OPINION: NFTs are pointless


Hannah Renton

Photo illustration by

Artie Bennett, Managing Editor for Print

Listen, I’m not going to beat around the bush. NFTs are stupid. They’re a product of late-stage capitalism and proof that the rich are willing to do anything to become richer. But, I don’t need to tell you that. If you’re a decent person who has some morals and any coherent thought, hopefully you’ve already recognized NFTs for the money-laundering scheme that they are. But, maybe you’ve decided to ignore NFTs, never really understood them, or don’t see their harm. So let’s break it down.
NFT stands for “non-fungible token,” which is stored on the blockchain. That means that it is unique and can’t be replicated or replaced by something else. Bitcoin, on the other hand, is fungible. You can trade one bitcoin for another and have the exact same item, but you can’t trade an NFT for another one and get the same thing. NFTs allow you to tokenize anything digital — whether it be digital art or just a really cool tweet.
In theory, I could see how this seems kinda sweet. If you’re an optimist, you could argue that NFTs allow digital artists and other content creators to sell their work more securely and accurately value their pieces, but this isn’t the case. The issue with NFTs is that they’re attempting to boost profits by creating artificial scarcity — but there is none. Anyone can create an NFT for any digital asset, so it’s not like there’s a short supply of NFTs making them valuable. NFTs’ value comes from the idea that the digital certificate of ownership is valuable itself. The digital asset, like a piece of art, isn’t valuable. The sole value of NFTs comes from the hope that one day, you can sell it for a higher price. It’s an asset that exists to just make more money.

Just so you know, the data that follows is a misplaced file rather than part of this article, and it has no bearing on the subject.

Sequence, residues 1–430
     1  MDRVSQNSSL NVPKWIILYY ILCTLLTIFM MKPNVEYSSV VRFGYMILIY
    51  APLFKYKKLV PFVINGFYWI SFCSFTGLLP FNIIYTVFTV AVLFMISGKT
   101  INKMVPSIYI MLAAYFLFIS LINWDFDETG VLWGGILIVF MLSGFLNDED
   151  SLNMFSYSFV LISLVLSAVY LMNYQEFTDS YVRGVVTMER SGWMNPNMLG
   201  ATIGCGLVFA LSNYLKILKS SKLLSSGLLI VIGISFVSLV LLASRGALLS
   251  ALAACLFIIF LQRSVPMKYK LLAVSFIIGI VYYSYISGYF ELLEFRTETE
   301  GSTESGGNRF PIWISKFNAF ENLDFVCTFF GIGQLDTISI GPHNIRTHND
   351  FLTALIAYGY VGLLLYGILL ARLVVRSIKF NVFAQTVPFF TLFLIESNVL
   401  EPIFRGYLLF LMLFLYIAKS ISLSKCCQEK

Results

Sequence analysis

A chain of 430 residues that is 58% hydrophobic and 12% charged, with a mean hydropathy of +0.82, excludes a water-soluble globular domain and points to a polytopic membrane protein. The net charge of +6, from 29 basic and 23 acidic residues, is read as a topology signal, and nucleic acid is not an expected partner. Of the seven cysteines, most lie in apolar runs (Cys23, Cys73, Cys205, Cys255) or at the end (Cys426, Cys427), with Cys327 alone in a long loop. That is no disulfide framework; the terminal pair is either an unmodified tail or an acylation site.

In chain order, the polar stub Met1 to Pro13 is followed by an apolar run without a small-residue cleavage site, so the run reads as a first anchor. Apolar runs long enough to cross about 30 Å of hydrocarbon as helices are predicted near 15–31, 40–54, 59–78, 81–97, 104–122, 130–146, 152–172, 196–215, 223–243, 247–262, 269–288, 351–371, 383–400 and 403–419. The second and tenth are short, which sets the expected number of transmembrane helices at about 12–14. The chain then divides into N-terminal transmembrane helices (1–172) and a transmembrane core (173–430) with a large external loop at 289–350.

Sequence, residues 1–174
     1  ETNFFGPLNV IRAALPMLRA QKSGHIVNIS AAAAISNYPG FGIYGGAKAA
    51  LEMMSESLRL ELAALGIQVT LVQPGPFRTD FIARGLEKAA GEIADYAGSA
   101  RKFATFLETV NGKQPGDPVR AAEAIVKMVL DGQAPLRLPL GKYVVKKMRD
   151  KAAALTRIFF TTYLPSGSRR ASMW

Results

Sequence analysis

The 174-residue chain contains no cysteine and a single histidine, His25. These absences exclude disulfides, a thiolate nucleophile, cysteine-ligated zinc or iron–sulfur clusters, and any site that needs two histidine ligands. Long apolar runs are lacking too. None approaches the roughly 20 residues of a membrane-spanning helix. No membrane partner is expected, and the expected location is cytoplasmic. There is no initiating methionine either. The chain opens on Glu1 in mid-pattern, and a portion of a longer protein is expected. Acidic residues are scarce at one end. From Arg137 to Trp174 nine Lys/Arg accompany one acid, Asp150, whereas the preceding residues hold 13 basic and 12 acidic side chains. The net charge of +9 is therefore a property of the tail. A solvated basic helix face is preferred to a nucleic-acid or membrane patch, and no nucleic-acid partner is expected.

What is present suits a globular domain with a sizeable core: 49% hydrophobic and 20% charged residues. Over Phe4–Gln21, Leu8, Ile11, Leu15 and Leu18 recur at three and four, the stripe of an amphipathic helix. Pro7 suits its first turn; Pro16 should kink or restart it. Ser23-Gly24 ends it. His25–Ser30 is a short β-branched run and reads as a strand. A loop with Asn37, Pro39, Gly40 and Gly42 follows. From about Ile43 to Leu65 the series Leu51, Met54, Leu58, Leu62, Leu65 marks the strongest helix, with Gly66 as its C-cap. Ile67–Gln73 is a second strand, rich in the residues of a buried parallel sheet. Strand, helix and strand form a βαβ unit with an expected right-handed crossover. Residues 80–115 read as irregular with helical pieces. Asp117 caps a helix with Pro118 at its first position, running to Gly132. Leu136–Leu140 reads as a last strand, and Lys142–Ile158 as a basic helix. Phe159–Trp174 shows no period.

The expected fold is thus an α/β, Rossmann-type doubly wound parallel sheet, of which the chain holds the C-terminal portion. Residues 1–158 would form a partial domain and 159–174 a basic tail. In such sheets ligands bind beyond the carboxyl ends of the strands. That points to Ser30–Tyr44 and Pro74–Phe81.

When you buy a physical piece of art, you’re purchasing the materials and craftsmanship. No replica of the piece will ever be exactly the same as the original piece. But, with digital content, the replica will be exactly the same. You’re literally paying for a certificate of ownership, even though an exact replica of the piece is just a point and click away.
In addition, NFTs often screw over digital artists. Many artists and digital content creators have reported having their art stolen and sold as NFTs without their permission. For something that was supposedly designed to help artists, it seems to just be a convoluted way to steal art and make excessive amounts of money off of a JPEG.
Art theft aside, NFTs are just awful for the environment. NFTs are responsible for millions of pounds of carbon dioxide emissions, choking our already fragile planet. Minting (converting the file to be stored on the blockchain) a single NFT has the same carbon footprint as powering a home for almost five days, and that’s not even taking into account the energy spent in the sale.
So now, we’re fucking over digital artists and the environment.
Someone, please, explain to me how a certificate of ownership is worth that level of environmental destruction. It is unjustifiable to spend thousands of dollars on a poorly drawn art piece (see Bored Apes) and destroy the environment while you’re at it.
Now that I’m running out of print space, I’ll close with this — NFTs exist so rich people can spend their money on something. They’re just another form of fake money being given real value (just like stocks!), so the rich can become richer while the rest of us struggle to pay our bills. Next time you struggle to pay your $700 rent, remember that someone out there paid $91.8 million for a glorified JPEG.